Next, it’s essential to understand the anatomy of a boat.

Boating Terms and Light Placement

There are several words used in boating that have precise definitions for a clearer understanding of how everything works, starting with your ride. They are the same whether you’re riding a personal watercraft or a sailboat.

The body of the boat is the hull. The front of it is the bow and the back, the stern. The left side is port with the right side, starboard. The color of the lights depends on what part of the vessel you mean. For example, red denotes port. You can remember it by thinking of port wine as being red, well, most of the time. Green is starboard. White acts like a neutral designation for the center, bow, or stern.

If you see just a white light in the stern and a red one, you know that it’s crossing in front of you. If you see a green and white one, it’s going past your boat. Just a white light means that you’re following it. Seeing both red and green is a vessel headed straight at you.

You’ll also see these same colors on buoys which mean the same things. The terms also come into play when navigating by therules of the water. The basic setup, therefore, is a white light in the front, red on the left, and green on the right.

Sailboat-Specific Navigation Light Rules

Sailboats must have the same red and green lights as powerboats. The difference is that you’ll need other ones on the stern and mast. If your boat is less than 65 feet, you can use either a combination of a bicolor light with red and green along with another at the stern or a tricolor one on top of the mast. If you’re sailing a vessel under 23 feet, you also can opt for a lantern or flashlight.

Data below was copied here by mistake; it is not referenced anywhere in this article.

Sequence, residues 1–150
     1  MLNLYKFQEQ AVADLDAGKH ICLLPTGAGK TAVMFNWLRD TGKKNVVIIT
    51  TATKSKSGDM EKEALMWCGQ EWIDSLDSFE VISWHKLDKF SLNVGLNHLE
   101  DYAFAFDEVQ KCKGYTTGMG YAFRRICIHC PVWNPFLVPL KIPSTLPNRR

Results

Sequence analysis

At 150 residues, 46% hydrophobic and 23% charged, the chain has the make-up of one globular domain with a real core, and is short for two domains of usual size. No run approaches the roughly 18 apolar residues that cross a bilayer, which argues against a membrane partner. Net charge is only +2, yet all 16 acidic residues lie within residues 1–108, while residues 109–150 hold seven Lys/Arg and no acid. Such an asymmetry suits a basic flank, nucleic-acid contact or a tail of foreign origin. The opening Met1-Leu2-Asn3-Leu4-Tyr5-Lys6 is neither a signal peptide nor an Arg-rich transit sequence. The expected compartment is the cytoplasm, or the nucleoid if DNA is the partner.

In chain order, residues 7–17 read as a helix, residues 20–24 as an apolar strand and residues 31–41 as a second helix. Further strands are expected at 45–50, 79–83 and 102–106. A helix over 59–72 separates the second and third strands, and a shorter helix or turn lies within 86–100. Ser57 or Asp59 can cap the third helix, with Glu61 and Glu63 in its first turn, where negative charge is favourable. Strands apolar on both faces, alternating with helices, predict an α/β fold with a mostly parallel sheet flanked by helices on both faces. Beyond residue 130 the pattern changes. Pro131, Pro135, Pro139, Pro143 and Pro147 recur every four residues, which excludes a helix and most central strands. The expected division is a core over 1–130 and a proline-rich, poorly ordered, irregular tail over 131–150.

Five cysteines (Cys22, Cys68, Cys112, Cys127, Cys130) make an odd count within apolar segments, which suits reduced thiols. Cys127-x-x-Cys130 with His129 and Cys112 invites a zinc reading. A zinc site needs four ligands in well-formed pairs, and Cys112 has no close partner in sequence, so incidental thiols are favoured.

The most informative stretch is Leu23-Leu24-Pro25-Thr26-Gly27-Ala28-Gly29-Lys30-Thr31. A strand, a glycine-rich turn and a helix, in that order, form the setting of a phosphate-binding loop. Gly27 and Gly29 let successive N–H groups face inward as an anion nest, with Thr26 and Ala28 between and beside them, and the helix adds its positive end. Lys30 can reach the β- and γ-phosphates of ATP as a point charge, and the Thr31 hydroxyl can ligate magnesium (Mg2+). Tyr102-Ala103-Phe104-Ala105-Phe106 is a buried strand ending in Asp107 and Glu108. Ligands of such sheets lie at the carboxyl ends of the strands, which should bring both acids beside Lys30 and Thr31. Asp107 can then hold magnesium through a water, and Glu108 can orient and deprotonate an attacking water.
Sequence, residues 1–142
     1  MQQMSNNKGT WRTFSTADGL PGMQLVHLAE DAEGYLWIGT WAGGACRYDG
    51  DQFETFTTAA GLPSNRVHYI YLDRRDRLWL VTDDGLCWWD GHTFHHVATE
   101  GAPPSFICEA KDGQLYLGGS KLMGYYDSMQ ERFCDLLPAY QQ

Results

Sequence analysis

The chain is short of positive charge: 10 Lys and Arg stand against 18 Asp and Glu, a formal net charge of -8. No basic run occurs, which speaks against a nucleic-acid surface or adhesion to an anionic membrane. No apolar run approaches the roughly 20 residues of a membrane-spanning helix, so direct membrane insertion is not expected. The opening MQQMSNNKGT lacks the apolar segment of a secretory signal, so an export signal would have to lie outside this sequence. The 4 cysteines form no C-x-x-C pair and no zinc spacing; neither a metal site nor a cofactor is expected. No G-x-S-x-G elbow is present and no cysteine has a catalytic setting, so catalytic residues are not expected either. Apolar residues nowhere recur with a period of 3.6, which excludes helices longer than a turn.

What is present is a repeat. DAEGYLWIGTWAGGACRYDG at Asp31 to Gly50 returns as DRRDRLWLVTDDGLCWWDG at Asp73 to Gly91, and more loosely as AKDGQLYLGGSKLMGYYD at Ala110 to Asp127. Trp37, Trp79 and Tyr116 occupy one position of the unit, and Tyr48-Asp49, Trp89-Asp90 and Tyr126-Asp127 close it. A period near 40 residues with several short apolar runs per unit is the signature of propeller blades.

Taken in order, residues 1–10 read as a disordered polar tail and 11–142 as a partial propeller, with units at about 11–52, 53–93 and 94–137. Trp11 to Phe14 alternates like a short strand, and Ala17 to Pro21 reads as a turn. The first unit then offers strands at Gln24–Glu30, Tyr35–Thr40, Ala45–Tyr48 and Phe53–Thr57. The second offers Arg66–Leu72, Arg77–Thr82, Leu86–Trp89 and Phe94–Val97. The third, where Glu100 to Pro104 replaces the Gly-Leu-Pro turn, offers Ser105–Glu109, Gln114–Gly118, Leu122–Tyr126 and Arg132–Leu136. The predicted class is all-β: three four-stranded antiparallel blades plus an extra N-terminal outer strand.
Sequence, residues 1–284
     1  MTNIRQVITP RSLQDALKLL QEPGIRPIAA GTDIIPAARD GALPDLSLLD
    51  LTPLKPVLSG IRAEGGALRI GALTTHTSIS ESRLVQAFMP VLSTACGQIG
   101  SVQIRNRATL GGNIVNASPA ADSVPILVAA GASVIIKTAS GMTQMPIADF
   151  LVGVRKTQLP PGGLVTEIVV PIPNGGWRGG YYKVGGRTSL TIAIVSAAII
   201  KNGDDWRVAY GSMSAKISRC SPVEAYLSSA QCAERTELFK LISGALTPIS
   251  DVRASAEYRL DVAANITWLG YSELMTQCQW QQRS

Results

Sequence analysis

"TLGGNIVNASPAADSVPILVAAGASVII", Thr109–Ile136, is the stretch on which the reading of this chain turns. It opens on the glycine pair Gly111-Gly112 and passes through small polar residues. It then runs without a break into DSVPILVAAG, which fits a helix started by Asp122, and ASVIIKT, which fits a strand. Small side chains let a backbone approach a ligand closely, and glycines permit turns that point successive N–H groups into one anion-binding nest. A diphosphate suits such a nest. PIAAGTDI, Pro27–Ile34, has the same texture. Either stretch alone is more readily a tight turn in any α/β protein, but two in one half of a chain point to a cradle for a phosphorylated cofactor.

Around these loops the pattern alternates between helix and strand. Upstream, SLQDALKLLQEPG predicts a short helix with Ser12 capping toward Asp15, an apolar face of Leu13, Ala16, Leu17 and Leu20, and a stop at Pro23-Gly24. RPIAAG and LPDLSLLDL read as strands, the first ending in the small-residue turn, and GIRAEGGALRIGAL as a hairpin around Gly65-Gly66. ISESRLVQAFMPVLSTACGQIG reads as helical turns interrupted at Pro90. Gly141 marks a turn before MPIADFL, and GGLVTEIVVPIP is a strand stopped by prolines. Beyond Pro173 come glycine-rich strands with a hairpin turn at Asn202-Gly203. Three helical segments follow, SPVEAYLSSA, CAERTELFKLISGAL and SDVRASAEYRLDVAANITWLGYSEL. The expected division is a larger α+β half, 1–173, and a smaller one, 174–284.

If you’re anchored, then, you need an all-round white light that is visible for two nautical miles. That’s usually a non-issue if you’ve bought a sailboat with factory-installed lighting, it is compliant with the US Coast Guard regulations.

Different Twilight Types

The final piece to the puzzle concerns when the regulations regarding navigational lights for all watercraft begin. There are three kinds with specific meanings, pertinent to various groups. Civil twilight or dusk is usually when you have to switch on your lighting. Shadows and clouds can make it more challenging to get around, so you’ll often see it coincide with reductions in the speed limit.

Nautical twilight describes the time when you can still see the stars and horizon to set your course. Astronomical twilight is prime time for stargazers. The sky is dark, making navigational lights imperative. Your state’s boat rules will typically indicate when they are necessary to stay legal on the water.

Sailboat lights at night are a crucial part of safe navigating when it’s too dark to see. Most accidents on the water occur because of a collision whether it’s with a fixed object or another watercraft. The majority happen when visibility can become an issue, whether it’s dawn or dusk. Making your boat discernible to others is the single best thing you can do to prevent an avoidable mishap.The savvy sailor will keep extra bulbs on board to make sure that they will always have sufficient light in case one blows out, which usually happens at the worst possible time. It’s an inexpensive solution to a potentially dangerous situation. It’s also a smart idea to check your lights before you need them, especially mast lights. Changing them during the day is a lot easier than trying to do it at night.

You should also clean the coverings periodically and replace any that have cracked, especially if they are over colored lights. It’ll ensure that you’re compliant with the distance requirements and don’t send the wrong message about where you’re going. After all, sailors and boaters are part of a community. They look out for each other and strive to keep the boating safe for everyone.